Forums / Property Investing / Help Needed! / Fencing Dispute when developing property

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  • Profile photo of MarkBMarkB
    Participant
    @markb10
    Join Date: 2018
    Post Count: 6

    I’m not going to give away what side I own as I want unbiased opinions.

    Family A and Family B decide to buy a property together and subdivide it into two blocks. Both families want the right side, as the demand is high, it was agreed, it will go into a draw. Whoever gets the right-side block, gives the other family $2,500. From the draw an agreement was drafted by the conveyancer stating the rightful owners of each side.

    Currently there is a house on the property that will be demolished in the coming months. Demolition and subdivision costs was agreed to be shared by both parties.

    There are existing fences on the perimeters, one side fence is newish, there is no need for replacement. The other side fence is old and needs to be replaced. There wasn’t any discussion or agreement about the costs to replace the existing fences on either side.

    The house plans of both families are designed to be built on the boundary with their respective neighbours. The houses are not joined in the middle. From experience it is customary to do fences post-construction due to the possibility of damage during house-building, not knowing the ground level and how much fencing is required due to building on boundary.

    Family A thinks the only shared costs should be the middle fence, all other fences are responsibility of the property owner. Family B believes all costs to fix/replace the existing fences no matter what side they are on should be shared between the two families.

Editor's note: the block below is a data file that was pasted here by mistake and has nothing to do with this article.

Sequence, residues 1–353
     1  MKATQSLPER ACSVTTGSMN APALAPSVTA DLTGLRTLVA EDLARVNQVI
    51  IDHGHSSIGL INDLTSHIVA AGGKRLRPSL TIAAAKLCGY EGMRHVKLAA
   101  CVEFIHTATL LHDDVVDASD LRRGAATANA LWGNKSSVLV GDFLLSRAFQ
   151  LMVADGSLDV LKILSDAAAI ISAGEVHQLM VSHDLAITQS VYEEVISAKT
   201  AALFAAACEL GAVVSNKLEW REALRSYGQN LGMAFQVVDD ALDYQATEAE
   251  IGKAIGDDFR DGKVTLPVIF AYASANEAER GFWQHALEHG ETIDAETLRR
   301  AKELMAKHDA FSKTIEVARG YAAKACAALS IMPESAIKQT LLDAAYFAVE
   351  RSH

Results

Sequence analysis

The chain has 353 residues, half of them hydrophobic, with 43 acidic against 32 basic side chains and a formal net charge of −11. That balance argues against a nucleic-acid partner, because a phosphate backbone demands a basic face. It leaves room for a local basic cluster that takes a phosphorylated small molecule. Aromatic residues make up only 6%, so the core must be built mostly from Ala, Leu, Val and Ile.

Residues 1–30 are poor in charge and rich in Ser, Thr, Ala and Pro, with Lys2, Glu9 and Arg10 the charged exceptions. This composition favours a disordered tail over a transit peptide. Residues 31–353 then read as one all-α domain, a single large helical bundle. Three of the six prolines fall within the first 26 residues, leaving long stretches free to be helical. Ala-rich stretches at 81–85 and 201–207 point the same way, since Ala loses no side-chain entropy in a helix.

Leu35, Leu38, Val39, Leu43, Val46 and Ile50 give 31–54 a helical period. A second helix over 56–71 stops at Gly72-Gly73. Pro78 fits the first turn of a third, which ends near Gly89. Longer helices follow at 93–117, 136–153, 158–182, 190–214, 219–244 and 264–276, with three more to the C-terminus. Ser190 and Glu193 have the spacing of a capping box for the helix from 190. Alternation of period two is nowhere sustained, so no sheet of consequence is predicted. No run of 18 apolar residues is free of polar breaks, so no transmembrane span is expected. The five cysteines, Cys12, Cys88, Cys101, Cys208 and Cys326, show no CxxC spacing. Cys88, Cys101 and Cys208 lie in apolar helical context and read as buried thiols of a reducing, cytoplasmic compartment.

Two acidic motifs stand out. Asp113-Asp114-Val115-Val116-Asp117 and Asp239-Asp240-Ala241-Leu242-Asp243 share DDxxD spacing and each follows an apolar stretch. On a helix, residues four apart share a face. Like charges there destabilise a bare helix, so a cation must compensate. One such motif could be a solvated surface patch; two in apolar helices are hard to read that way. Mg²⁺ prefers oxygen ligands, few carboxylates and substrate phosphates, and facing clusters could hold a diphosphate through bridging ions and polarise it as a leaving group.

Who is correct?

    Profile photo of TerrywTerryw
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    @terryw
    Join Date: 2001
    Post Count: 16,016

    No one is correct because there is no correct answer. It is up to negotiation until subdivision occurs and then it is that owner’s responsibility – with the neighbours as fencing is generally shared.

    But if I was family A I wouldn’t want to pay to fix a fence that I won’t get to be owner of.

    Hope you got advice about stamp duty too btw.

    Terryw | Structuring Lawyers / Loan Structuring Pty Ltd
    http://propertytaxbook.com.au/
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    Lawyer, Mortgage Broker and Tax Advisor (Aust wide) http://propertytaxbook.com.au/

    Profile photo of MarkBMarkB
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    @markb10
    Join Date: 2018
    Post Count: 6

    So if you were Family B, would you expect or assume Family A is automatically liable to pay half of your fence?

    • This reply was modified 2 months, 2 weeks ago by Profile photo of MarkB MarkB.
    Profile photo of TerrywTerryw
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    @terryw
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    So if you were Family B, would you expect or assume Family A is automatically liable to pay half of your fence?

    No, because it is not on their part of the land.

    Was the land partitioned at purchase or has it been?

    Terryw | Structuring Lawyers / Loan Structuring Pty Ltd
    http://propertytaxbook.com.au/
    Email Me

    Lawyer, Mortgage Broker and Tax Advisor (Aust wide) http://propertytaxbook.com.au/

    Profile photo of MarkBMarkB
    Participant
    @markb10
    Join Date: 2018
    Post Count: 6

    So if you were Family B, would you expect or assume Family A is automatically liable to pay half of your fence?

    No, because it is not on their part of the land.
    Was the land partitioned at purchase or has it been?

    An agreement was drafted by the conveyancer stating who owns which side of the property based on the agreement made from the draw. We are in the process of getting the subdivision finalised.

    Profile photo of TerrywTerryw
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    @terryw
    Join Date: 2001
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    Gee, this is probably out of the conveyancers depth. Why didn’t you use a lawyer? Did you discuss the CGT and stamp duty, and GST aspects of transferring title?

    If it is a valid partitioning of the land then you will each beneficially own the separate portions of the block and therefore family B should be paying for the fencing on their ‘lot’.